Will Cherry was an undrafted senior out of Montana a year ago and played for the Canton Charge of the NBA D-League last season. The 23-year-old guard was a very good college player who took advantage of the opportunities he’s had and earned a shot at making it to NBA this summer.
In a Pro Bball Report exclusive at Media Day, Cherry talks about his journey to the NBA, the setbacks he has overcome and the role he hopes to win on the Raptors. Listening to Cherry talk, it is easy to understand why the Raptors believe he deserves a hard look during training camp and preseason.
Cherry had an outstanding junior season at Montana and was hoping to build on that before turning professional after his senior year, however, multiple injuries conspired to disrupt the start of his season and again just before the 2013 NBA Summer League.
“My senior year was a bust,” Cherry said. “When a broken foot hit me I was devastated and me being who I am, I played through it and I should have sat out – red shirt – and went from there.
“I had high expectations coming into my senior season, but it kind of snapped me back to reality. At any given moment, this game can be taken away from you. It made me grow up a lot.”
When a player gets injured, the reasonable response from pro teams is to wait and see if the player can return to form and Cherry knows the scouts were just doing their jobs when his numbers tailed off instead of improving during his senior year.
“This summer was really big for me,” Cherry said. “I handled my business in Summer League and showed them I was really back healthy.
“The knowledge I got in the D-League, I applied to the Summer League and playing with (Andrew) Wiggins and Anthony Bennett and all those guys definitely helped out.”
The 2014 NBA Summer League would not have been a big success for Cherry without his NBA D-League experience. The D-League showed him just how big a jump it is from college to the pros.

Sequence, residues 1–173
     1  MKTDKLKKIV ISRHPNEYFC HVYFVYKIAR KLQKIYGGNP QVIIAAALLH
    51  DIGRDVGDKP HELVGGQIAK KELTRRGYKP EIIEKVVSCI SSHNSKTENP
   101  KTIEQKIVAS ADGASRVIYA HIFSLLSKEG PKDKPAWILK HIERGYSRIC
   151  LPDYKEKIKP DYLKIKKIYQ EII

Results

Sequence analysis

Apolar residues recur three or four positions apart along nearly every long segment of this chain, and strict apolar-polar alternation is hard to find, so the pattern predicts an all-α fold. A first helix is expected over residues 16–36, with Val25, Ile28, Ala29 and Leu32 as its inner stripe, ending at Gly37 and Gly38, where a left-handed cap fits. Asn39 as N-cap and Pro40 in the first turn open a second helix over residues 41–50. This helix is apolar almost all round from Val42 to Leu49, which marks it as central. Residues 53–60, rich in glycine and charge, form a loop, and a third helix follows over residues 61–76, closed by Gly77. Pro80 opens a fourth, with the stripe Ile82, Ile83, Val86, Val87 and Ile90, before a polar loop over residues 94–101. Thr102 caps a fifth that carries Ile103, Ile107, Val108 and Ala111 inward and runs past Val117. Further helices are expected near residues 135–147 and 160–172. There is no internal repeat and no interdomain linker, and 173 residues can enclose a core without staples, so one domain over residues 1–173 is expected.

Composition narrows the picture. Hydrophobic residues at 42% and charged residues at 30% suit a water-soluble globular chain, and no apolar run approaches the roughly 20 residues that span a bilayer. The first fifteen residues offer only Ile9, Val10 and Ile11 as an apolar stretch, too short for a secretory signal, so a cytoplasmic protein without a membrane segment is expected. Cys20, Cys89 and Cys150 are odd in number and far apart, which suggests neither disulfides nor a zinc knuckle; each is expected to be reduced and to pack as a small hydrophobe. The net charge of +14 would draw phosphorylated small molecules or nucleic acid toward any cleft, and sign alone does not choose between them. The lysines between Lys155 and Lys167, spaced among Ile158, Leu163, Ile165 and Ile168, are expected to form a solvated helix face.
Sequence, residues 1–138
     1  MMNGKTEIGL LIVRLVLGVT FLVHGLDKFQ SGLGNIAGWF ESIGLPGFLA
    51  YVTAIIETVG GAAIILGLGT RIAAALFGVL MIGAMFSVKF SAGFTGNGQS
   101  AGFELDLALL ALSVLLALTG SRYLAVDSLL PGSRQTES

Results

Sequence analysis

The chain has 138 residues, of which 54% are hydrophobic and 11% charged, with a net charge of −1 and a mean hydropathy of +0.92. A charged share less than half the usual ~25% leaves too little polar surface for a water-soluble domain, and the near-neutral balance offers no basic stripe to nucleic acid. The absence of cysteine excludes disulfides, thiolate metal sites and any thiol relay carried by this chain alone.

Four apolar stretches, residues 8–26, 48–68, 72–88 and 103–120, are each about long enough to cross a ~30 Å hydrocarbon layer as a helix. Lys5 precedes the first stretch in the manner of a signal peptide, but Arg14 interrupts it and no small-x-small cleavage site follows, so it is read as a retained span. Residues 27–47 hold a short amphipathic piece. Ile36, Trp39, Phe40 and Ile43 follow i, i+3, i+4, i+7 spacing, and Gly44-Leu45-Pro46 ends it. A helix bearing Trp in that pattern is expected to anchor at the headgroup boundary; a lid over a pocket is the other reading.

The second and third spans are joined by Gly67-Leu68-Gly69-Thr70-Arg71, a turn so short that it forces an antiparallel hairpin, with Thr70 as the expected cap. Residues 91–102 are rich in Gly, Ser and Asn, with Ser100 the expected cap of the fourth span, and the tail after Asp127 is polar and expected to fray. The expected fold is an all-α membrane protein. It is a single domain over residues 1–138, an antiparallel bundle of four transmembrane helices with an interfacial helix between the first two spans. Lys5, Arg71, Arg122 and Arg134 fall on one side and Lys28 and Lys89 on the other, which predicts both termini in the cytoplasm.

“The D-League, it slowed the game down so much for me,” Cherry said. “Coming out of college in my first Summer League with the Pelicans I didn’t play a lot, but in practices it just seemed like everything was moving so fast. The terminology was way different than when I was in college and it’s not suppose to be like that, but everything was moving so fast.
“When I got to the D-League – film after film after film, it is one thing for the coach to tell you, but when you actually see it – film doesn’t lie. They are telling you to make this adjustment, make these corrections and that really helped a lot. It was the little things that I learned at that level that at this level makes the biggest difference.
“The pick-and-roll game is heavy in this league and that was one area where I thought I had it down, but I really didn’t as far as the little things – setups, how to get myself open, where there are pocket passes, look for the three-point passes in the corner, this help comes here, read the defenses, all that little stuff.”
Cherry lost his jump shot after getting injured and that is one skill that would make him a more effective offensive player.
“The injury made me take a step back and I was kind of frustrated,” Cherry said. “Where the hell did my jump shot go?
“Shooting to me is more so confidence, getting out of your own head and repetitions and when I had the injury, I was more worried about the injury instead of getting back to my shots.
“I have been in the gym getting that back.”
There is a month for training camp and preseason in which Cherry has to show the Raptors what he’s got and it isn’t going to be easy for him to take a job away from one of the 15 guys with guaranteed contracts. However, Cherry does seem to know what will give him the best chance in Toronto.
“Defense, defense, make it hard for the opposing guard to bring the ball up the court,” Cherry said. “Running the team as a point guard making my teammates better, you don’t want me coming in and doing too much and getting out of my element.
“Most of all, a lockdown defender at the point guard position. At my position, it’s deep, point guards are scorers as well as facilitators and everybody starting guard at this position in this league is tough. It doesn’t matter who you are playing.
“I want to be the guy that when I come in the game they look at me and this is going to be a long night with this guy. That’s the type of player I want to be.”
That’s a high standard for a rookie to be setting, but on a Dwane Casey coached team, it is the standard that can land him a job.